ENVIRONMENTAL INSURANCE - We handle all types of Environmental Related Insurance, not just Contractors & Site coverage.
A. Contractors Pollution Liability (CPL) - a few items to consider - there are many more:
1. Insuring Agreement - DUAL TRIGGERS are dangerous
Whether it's a Practice Policy or Project Specific Policy you should contact us
if your policy’s Insuring Agreement has a dual trigger.
There should only be a single trigger
- that being language akin to:
Coverage for a LOSS, or Bodily Injury, Property Damage or Clean-up Costs, or a Pollution Condition caused by YOUR WORK or YOUR CONTRACTING SERVICES or some other similar language (emphasis added).
The YOUR WORK or similar language should be the single and only trigger. But in some policies it is NOT. For example, there are policies that specify that coverage only applies if the:
LOSS or Bodily Injury, Property Damage or Clean-up Costs or a Pollution Condition was also caused by an "OCCURRENCE" - which is the second or dual trigger. This is potentially problematic and must be avoided. Underwriting companies that employ this dual trigger requirement support it’s utilization by noting that a CPL policy was developed as a spin-off of a Commercial General Liability (CGL) policy. The problem - what’s an "OCURRENCE"? CGL policies typically define an “OCCURRENCE” as an accident. Is faulty work an accident? CGL case law is voluminous on what is and what is not an "OCCURRENCE". In many jurisdictions, insurers restrict coverage for faulty work under a CGL policy because courts have determined that faulty work may not be an “OCCURRENCE” or an accident. If your CPL carrier contests a claim because it is not an “OCCURRENCE”, what case law do you think that insurer will attempt to rely upon to determine what is or what is not an “OCCURRENCE” under a CPL policy? Obviously some CPL insurers will refer to longstanding CGL case law. Do you or your client need that? Of course not. Why then have a policy that could place you or your client in a big jam?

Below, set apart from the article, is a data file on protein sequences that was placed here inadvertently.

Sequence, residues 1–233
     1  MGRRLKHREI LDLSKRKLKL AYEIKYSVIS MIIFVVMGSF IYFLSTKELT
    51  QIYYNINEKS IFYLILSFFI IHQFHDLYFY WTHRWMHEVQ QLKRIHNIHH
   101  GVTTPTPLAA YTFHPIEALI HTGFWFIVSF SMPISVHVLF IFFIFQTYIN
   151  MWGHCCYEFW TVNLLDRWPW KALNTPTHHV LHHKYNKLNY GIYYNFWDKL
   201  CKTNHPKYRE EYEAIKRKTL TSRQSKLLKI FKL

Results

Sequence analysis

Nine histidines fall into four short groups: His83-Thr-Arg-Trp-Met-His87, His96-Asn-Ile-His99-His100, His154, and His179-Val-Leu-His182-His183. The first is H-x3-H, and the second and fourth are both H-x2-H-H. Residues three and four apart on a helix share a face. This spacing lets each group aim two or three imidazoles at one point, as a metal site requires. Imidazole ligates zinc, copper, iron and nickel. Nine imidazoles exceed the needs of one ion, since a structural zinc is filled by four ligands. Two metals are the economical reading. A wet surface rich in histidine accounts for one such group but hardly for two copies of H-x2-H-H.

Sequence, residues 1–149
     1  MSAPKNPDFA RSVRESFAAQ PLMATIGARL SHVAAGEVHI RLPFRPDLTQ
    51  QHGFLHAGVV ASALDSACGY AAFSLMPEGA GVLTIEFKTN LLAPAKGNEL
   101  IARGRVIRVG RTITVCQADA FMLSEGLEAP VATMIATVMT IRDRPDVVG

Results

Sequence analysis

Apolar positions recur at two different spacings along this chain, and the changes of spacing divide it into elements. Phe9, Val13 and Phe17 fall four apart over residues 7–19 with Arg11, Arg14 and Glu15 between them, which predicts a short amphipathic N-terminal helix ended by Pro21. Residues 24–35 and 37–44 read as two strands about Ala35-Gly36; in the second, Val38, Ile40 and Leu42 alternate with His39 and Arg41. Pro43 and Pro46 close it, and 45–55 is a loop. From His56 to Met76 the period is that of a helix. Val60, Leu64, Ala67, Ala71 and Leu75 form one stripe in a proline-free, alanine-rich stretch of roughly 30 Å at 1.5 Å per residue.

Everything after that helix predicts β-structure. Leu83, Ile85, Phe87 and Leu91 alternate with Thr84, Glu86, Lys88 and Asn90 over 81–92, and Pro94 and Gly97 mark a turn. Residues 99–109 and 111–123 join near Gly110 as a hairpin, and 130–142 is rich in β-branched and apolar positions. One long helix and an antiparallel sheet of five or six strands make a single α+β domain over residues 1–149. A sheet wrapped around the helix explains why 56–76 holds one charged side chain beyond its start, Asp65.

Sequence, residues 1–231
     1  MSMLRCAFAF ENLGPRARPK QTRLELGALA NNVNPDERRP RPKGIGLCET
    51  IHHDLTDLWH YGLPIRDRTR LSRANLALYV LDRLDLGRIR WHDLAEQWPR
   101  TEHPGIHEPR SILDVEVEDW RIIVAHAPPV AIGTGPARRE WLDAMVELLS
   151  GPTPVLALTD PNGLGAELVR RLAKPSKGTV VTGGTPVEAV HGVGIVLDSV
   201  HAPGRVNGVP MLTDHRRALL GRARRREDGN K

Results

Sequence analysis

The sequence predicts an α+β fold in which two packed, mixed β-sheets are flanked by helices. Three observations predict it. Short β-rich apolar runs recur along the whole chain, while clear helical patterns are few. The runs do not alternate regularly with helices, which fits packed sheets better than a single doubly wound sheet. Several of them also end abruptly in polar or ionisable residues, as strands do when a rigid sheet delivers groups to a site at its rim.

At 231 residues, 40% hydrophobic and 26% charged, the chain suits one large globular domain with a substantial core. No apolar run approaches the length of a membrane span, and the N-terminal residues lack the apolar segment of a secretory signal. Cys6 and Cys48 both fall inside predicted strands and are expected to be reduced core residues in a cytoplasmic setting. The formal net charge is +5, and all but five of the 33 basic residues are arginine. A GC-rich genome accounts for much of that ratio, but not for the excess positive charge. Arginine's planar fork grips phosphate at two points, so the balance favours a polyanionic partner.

2. Does the policy have a Consent to Settlement Clause? - That being, language that requires the INSURER to provide the INSURED with prior written notice before they settle a Claim. Some policies don’t. Rhetorical Question: Why would you or your Insured not want to be notified in advance of the carrier’s likelihood of settling a Claim?
4. The Employers Liability Exclusion of your Project Specific CPL - is likely not properly modified if sub-contractors (one or multiple) are also included as INSUREDS under the policy. While there may be an appropriate Contractual Liability Exception to the Exclusion; what about other types of claims? Does your policy address that?
5. Severability - a big item.
This is our last item but maybe it should be the first. Why? There is Severability of the Application
- which protects Innocent Insureds in the event that information was misrepresented (intentionally or unintentionally) or concealed during the application process. There is also Severability of the Intentional Acts Exclusion(s)which protects Innocent Insureds in the event that another Insured committed an intentional, fraudulent or similar act. And; Severability for Breach of Policy Conditions - which provides protection in the event that an Insured breaches its Duties and Responsibilities under the policy. These are essential. You need to contact us if you or your own, or your client’s policy is lacking.
B. Site Pollution - also a few items to consider - there are many more:
You should contact us if you have questions as to whether you or your client’s Site policy properly addresses any of the following:
1. Underground Storage Tanks (UST) - Reinstatement of Annual Limit of Insurance as Required by the Code of Federal Regulations (CFR) - Do you or any of your clients maintain a multi-year Site Pollution Policy (not a stand-alone UST Policy) that provides coverage for Scheduled USTs? If so, do the policy limits reinstate annually for USTs? If not you or your client may be in violation of the CFR's Financial Responsibility Requirements which under many circumstances requires annual reinstatement of limits for Pollution Conditions caused by USTs.
2. Has any Naturally Occurring Materials or Radioactive Materials Exclusion been negated, neutralized or appropriate softened?
3. Does the policy’s definition of CLAIM include a request to waive or toll a statute of limitations? Separately, is the Insured required to report Pollution Conditions/Circumstances that may give rise to a CLAIM? AND does the policy provide coverage for post-expiration CLAIMS made against the INSURED involving such Conditions reported during the policy period? While not every Site carrier provides this, it can be negotiated. This is an important coverage extension.
4. Definition of POLLUTANTS or POLLUTION CONDITION:Do you or your client have an exposure to Electro-Magnetic Fields (EMF)/Electro-Magnetic Emissions (EME)? If so, does the definition of POLLUTANTS or POLLUTION CONDITION affirmatively include EMF/EME?
5. Does your Policy contain a Real Estate Development Endorsement which restricts coverage for Dewatering Expenses or Soil Removal and Disposal Expenses pertaining to property that is planned to be developed? If so, you should contact us as it is likely that the Endorsement may not provide an appropriate exception to such Exclusions.
6. Material Change in Use Exclusions
- This Exclusion should not be unqualified. It must include appropriate exception(s).